Bowmanville Creek facts for kids
Quick facts for kidsBowmanville Creek
Location of the mouth of Bowmanville Creek in Southern Ontario
|Other name(s)||ruisseau Bowmanville|
|Main source||Confluence of three unnamed streams
|River mouth||Lake Ontario
74.1 m (243 ft)
|Progression||Lake Ontario→ Saint Lawrence River→ Gulf of Saint Lawrence|
|River system||Lake Ontario drainage basin|
|Basin size||170 km2 (66 sq mi)|
Bowmanville Creek (French: ruisseau Bowmanville) is a stream in the municipality of Clarington, Regional Municipality of Durham in south-central Ontario, Canada. It flows from the Oak Ridges Moraine to Lake Ontario at Bowmanville. The creek is under the auspices of the Central Lake Ontario Conservation Authority.
The headwaters of Bowmanville Creek border the headwaters of Oshawa Creek (to the west) and those of its left tributary Soper Creek (to the east), the headwaters of all of which are in the Oak Ridges Moraine. Between the mouths at Lake Ontario of Oshawa Creek (to the west) and Bowmanville Creek there are five smaller creeks (from west to east): Farewell Creek, Robinson Creek, Tooley Creek, Darlington Creek and Westside Creek. The next named watercourse to the east is Wilmot Creek.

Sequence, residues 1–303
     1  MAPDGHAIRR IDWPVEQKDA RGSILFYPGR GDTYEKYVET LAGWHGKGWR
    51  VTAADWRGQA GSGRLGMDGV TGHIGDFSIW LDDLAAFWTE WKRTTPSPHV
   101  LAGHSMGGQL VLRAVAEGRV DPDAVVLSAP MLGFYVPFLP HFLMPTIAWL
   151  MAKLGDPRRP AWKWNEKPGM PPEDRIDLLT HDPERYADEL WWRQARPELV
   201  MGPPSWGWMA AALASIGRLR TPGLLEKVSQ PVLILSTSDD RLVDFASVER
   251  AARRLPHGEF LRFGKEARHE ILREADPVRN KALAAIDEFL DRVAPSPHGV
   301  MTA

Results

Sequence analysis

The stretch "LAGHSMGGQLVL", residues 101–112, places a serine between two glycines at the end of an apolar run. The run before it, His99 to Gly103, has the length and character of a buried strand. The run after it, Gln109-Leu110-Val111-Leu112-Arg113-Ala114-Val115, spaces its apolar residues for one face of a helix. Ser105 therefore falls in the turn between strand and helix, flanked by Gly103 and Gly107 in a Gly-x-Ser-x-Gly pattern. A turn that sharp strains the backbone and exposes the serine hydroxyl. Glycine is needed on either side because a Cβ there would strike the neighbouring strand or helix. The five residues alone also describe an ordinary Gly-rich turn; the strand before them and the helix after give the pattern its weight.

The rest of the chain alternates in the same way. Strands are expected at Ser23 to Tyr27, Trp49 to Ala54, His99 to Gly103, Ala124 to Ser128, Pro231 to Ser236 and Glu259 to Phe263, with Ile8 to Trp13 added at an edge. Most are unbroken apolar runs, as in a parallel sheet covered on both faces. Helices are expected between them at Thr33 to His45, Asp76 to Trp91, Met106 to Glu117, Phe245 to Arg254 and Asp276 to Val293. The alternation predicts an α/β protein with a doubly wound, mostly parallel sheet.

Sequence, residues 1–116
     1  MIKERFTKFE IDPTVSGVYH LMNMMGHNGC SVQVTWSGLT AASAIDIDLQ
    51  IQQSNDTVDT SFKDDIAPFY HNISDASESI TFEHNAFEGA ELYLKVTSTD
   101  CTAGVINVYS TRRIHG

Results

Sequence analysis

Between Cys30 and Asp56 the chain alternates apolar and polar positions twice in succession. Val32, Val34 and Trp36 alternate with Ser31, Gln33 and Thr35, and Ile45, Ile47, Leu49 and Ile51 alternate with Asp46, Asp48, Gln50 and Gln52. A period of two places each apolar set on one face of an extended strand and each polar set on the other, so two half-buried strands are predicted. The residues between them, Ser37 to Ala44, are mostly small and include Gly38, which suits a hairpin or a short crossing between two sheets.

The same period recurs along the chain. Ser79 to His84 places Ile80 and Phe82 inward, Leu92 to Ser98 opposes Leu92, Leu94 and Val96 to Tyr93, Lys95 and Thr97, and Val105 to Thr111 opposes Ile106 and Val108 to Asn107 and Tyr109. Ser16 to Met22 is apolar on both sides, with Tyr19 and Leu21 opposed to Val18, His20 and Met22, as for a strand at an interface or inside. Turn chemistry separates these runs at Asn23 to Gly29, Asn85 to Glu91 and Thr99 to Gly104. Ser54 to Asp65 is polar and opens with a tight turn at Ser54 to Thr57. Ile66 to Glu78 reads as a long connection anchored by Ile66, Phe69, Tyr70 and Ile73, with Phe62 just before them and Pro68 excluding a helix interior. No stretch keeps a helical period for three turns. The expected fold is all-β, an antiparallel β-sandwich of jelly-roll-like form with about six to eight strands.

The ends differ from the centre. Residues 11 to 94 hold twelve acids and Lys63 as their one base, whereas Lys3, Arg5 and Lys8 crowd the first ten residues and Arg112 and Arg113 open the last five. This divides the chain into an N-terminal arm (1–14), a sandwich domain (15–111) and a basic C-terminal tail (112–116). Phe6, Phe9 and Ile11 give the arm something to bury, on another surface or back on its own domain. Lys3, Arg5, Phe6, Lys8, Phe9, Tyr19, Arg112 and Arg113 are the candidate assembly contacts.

The area of the drainage basin of Bowmanville Creek is about 170 square kilometres (66 sq mi); almost all of the drainage basin is within Clarington, with the exception of a small part of the headwaters which are in the township municipality of Scugog to the north.
Bowmanville Creek begins at the confluence of three unnamed streams near the settlement of Enfield at an elevation of 255 metres (837 ft). It flows southeast then turns south near the settlement of Enniskillen, flows under Ontario Highway 407 and reaches the settlement of Hampton. It continues south into the community of Bowmanville, flows under Ontario Highway 401, takes in the left tributary Soper Creek, and reaches its mouth at Port Darlington on Lake Ontario at an elevation of 74.1 metres (243 ft).
Bowmanville Creek has been dammed in several places. About one kilometre north of Lake Ontario is the former Goodyear dam, originally built to provide electricity for a factory. This dam was a barrier to fish migration, and until the construction of a fish ladder trout and salmon were lifted over the dam by volunteers and conservation workers. A little further north, in what is now downtown Bowmanville, a dam provided water power for the Vanstone Mill until it was washed out in a storm in 1986.
Bowmanville Creek Facts for Kids. Kiddle Encyclopedia.